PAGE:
Coronavirus’ impact on Ohio’s tourism remains to be seen but could be less than expected


By Todd DeFeo - The Center Square



Photo courtesy Cedar Point’s Facebook page Cedar Point, one of Ohio’s top tourist attractions, is still hoping to open in mid-May according to a post in March on its Facebook page.

Photo courtesy Cedar Point’s Facebook page Cedar Point, one of Ohio’s top tourist attractions, is still hoping to open in mid-May according to a post in March on its Facebook page.


(The Center Square) – The COVID-19 pandemic will assuredly impact tourism nationwide, and Ohio isn’t immune to the fallout.

But, precisely how much it will affect tourism in the Buckeye State remains to be seen.

“The outbreak of COVID-19 is impacting all business sectors in Ohio – including tourism,” Lydia Mihalik, director of Ohio Development Services Agency, said in a news release.

“While it is too early to know the full effect, recent research from Longwoods International found that most Americans planning to travel in the next six months are changing their travel plans due to coronavirus,” Mihalik said.

“Through our TourismOhio office, we are encouraging Ohioans to continue to support local shops and restaurants that remain open by ordering take out and shopping online,” Mihalik added. “We are all in this together and when we get through this public health crisis – and we will – our state will be well-positioned for a strong rebound.”

Ohio Gov. Mike DeWine and government officials have implemented a range of restrictions on Ohio residents to slow the spread of COVID-19, the disease caused by the new coronavirus that originated in China in late 2019. Among them are an order requiring Ohioans to stay at home except for essential business.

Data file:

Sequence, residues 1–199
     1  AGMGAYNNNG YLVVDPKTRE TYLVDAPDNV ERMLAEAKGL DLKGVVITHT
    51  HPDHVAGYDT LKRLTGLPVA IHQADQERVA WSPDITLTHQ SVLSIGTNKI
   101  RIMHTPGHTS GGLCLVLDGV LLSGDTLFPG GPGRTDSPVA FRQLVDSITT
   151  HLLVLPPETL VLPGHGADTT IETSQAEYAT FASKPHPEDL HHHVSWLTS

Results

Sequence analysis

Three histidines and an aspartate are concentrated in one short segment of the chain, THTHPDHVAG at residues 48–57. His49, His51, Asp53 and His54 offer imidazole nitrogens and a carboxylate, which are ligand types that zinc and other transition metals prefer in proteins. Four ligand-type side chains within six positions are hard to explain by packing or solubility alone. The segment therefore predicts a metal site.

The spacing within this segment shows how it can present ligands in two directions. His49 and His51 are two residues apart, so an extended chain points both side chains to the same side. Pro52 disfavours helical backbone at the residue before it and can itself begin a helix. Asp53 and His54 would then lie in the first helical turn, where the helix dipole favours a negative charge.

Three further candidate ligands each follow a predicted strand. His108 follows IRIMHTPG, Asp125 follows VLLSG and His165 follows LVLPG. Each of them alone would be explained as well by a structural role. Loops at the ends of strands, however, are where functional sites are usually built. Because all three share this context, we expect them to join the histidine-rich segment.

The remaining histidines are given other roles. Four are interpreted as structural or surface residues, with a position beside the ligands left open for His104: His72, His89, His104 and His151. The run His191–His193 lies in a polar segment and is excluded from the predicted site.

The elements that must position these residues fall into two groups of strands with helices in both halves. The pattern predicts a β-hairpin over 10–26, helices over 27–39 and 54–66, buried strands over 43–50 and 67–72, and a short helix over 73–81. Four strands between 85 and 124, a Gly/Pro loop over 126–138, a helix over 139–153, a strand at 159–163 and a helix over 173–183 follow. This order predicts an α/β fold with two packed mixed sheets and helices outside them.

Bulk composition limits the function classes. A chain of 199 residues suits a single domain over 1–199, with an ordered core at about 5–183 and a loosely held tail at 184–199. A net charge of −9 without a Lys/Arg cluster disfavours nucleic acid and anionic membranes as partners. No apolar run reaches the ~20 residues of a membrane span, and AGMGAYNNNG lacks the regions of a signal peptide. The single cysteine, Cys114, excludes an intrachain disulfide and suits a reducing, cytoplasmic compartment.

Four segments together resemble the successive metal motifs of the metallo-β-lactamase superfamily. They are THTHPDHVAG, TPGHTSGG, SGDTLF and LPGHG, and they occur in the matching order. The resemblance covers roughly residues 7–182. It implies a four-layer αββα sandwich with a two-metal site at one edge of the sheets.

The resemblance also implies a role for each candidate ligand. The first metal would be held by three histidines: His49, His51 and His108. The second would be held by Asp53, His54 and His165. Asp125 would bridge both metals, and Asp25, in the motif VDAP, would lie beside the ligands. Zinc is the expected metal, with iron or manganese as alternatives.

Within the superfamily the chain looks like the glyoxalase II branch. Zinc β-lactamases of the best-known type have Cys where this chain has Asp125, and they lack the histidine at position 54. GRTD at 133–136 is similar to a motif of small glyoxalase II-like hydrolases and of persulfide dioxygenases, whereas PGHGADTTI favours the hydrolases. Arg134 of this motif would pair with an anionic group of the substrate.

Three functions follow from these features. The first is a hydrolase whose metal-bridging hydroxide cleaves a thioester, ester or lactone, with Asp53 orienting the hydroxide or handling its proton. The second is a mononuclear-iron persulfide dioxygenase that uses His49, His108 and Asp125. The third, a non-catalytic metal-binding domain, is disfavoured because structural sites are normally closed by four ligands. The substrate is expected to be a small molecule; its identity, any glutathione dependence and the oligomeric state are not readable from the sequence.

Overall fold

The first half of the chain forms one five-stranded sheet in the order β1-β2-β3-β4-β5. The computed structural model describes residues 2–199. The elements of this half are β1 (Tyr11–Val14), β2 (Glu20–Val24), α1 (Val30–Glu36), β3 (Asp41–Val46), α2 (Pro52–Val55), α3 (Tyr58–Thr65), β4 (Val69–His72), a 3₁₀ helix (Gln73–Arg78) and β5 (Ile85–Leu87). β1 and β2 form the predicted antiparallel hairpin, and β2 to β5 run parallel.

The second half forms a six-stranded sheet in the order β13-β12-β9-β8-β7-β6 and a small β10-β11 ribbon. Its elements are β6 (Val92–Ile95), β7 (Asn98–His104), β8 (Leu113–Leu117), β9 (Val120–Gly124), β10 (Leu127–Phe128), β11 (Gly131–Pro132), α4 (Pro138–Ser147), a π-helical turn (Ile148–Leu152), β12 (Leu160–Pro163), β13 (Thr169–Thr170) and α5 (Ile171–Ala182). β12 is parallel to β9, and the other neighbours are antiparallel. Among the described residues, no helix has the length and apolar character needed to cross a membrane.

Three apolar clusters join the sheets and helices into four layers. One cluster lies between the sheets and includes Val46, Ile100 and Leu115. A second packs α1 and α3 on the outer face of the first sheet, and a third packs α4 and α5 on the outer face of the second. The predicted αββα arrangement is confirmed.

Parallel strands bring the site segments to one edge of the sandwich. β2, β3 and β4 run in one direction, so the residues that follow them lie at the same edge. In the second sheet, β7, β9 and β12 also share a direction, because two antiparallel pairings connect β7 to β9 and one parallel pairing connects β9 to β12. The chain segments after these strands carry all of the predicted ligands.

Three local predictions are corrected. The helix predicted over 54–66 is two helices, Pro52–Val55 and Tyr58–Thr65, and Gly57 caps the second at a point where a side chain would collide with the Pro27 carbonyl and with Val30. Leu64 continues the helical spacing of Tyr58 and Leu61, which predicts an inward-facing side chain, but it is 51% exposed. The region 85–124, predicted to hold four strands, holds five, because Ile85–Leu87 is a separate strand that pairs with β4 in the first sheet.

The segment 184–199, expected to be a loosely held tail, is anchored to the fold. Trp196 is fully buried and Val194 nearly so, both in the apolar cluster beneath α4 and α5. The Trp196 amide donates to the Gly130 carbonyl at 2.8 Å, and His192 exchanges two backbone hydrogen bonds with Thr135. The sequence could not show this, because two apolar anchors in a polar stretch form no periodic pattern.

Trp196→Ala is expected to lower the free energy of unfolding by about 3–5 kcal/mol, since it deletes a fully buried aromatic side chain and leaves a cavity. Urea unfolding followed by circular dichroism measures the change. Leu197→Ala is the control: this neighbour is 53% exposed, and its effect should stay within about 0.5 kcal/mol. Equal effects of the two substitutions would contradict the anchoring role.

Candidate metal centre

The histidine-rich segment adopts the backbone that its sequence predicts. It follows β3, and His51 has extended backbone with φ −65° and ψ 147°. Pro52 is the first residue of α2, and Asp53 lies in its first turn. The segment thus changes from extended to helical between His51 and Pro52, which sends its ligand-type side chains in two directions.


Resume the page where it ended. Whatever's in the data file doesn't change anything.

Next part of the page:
Earlier this month, The Buckeye Institute suggested $2.5 billion in unnecessary spending identified in its Piglet Book could be repurposed to fight the economic fallout from COVID-19. The money included more than $55 million for TourismOhio, Ohio History Connection, the Ohio Arts Council and the Ohioana Library Association.

However, the tourism hit for Ohio may be smaller than other states, considering tourism isn’t as big of an industry, numbers suggest. A new analysis from WalletHub found Ohio ranked last in the country (No. 51) for its dependency on travel and tourism.

Ohio also ranks No. 50 for the lowest share of employment in travel and tourism-related industries; only Washington ranks worse.

Overall, Ohio ranks No. 38 for states where COVID-19 has had the most significant impact on tourism.

“Ohio is among the states where COVID-19 has had a smaller impact on tourism,” Jill Gonzalez, WalletHub analyst, said in an email to The Center Square.

“The share of employment in travel and tourism-related industries is very low, as is the share of travel and tourism industry generated GDP,” Gonzalez added. “Another factor that contributed to this ranking was the travel and tourism consumer spending per capita, which is the lowest in the country, at about $1,800.”

Photo courtesy Cedar Point’s Facebook page Cedar Point, one of Ohio’s top tourist attractions, is still hoping to open in mid-May according to a post in March on its Facebook page.
https://www.morrowcountysentinel.com/wp-content/uploads/sites/29/2020/04/web1_Cedar-Point-courtesy-Facebook-page.jpgPhoto courtesy Cedar Point’s Facebook page Cedar Point, one of Ohio’s top tourist attractions, is still hoping to open in mid-May according to a post in March on its Facebook page.

By Todd DeFeo

The Center Square

Todd DeFeo is a Center Square contributor

Todd DeFeo is a Center Square contributor